Farm commissioner Mariann Fischer Boel has said that what the CAP will face in 2008 is a health check, consciously avoiding the term 'mid-term review' used by her predecessor Franz Fischler. Her comments follow the recent informal meeting of farm ministers in Oulu, Finland.
One likely subject to arise will be decoupling with the ten pen cent of direct aid payments not paid in decoupled form likely to be targeted. Whether the sigle farm payment should be paid on an historical or flat-rate regional basis will also be examined. At present no EU-15 members are operating the same system and some have variations within their national borders.
The compulsory modulation rate may well rise above 5 per cent. The Commissioner is also keen on capping the amount that any individual farm would receive at €300,000. Such a move would be contentious with Britain and Germany who would claim it penalised efficiency and it is not clear that there is a legally watertight definition of a farm business. However, siphoning off money from large scale farmers and transferring them to the second pillar would create a pot of over €1 billion a year.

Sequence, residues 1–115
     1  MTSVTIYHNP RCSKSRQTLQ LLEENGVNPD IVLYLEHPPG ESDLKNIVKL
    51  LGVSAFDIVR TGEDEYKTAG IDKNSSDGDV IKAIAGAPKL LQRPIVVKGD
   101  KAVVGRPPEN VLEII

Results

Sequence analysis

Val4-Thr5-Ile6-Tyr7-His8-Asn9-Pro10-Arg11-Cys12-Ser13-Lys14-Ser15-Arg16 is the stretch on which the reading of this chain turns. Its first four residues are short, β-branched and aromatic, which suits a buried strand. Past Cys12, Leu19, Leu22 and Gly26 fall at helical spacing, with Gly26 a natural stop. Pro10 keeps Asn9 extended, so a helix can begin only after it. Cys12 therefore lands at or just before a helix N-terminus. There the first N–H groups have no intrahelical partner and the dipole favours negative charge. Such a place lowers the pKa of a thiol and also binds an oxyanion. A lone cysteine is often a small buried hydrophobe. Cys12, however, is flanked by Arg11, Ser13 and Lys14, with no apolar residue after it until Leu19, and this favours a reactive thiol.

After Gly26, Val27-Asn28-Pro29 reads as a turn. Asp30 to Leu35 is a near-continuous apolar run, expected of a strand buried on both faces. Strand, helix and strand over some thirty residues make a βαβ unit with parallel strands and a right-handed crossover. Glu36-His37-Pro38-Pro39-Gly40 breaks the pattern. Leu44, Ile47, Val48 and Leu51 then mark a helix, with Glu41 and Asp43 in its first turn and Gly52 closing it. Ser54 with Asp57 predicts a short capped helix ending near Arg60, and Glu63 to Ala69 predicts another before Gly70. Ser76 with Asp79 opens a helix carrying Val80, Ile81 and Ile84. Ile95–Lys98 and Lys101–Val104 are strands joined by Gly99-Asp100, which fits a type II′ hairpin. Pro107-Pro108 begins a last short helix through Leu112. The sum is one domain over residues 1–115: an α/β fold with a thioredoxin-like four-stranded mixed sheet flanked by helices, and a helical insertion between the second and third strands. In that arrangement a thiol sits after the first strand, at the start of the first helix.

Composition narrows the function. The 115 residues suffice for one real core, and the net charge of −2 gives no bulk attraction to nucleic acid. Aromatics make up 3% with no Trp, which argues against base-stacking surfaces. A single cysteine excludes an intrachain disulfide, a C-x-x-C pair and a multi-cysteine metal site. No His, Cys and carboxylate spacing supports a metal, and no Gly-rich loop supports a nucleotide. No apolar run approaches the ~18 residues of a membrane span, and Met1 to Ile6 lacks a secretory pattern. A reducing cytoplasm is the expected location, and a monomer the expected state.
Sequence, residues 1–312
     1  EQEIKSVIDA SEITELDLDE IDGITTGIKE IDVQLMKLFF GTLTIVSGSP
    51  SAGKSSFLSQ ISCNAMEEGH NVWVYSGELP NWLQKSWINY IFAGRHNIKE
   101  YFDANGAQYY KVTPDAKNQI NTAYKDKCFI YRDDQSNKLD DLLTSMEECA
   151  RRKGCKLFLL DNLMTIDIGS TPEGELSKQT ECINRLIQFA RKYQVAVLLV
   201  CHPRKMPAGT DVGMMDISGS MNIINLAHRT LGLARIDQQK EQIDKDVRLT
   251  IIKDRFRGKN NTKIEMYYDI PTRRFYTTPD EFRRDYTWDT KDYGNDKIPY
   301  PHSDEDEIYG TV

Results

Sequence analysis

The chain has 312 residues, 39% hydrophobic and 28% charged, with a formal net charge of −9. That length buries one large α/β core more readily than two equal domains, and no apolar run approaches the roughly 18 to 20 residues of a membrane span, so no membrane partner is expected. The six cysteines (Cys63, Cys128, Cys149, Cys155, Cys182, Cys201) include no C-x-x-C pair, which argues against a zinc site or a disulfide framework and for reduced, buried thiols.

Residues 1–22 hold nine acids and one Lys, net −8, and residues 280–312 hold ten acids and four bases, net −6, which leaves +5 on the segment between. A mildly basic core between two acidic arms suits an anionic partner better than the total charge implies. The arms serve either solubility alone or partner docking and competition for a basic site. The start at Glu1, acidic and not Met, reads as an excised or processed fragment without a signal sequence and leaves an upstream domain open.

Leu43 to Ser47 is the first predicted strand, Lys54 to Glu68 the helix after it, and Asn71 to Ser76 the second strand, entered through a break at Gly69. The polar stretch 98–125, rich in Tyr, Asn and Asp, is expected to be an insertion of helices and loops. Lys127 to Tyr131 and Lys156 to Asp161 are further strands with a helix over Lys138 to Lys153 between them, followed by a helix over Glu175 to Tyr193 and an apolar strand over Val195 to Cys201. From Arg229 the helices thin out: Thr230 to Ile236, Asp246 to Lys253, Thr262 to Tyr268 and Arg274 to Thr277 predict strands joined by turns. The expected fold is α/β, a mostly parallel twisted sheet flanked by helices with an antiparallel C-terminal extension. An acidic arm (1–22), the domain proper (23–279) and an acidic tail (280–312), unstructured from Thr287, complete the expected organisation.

The future of intervention payments will also be up for examination with the possibility of it eventually being based by a private storage programme. The Commission is also talking about the abolition of dairy quotas by 2015.
Thus by the middle of the next decade be could have a CAP with very different objectives and policy instruments. It should be less market distorting, and hence WTO compatible, but it would probably leave as much money being spent on agricultural and rural policy. Reformers would thus only get partial satisfaction. They have objected to the objectives and instruments of the old style CAP but also to the opportunity cost represented by the €48 billion a year spent on it.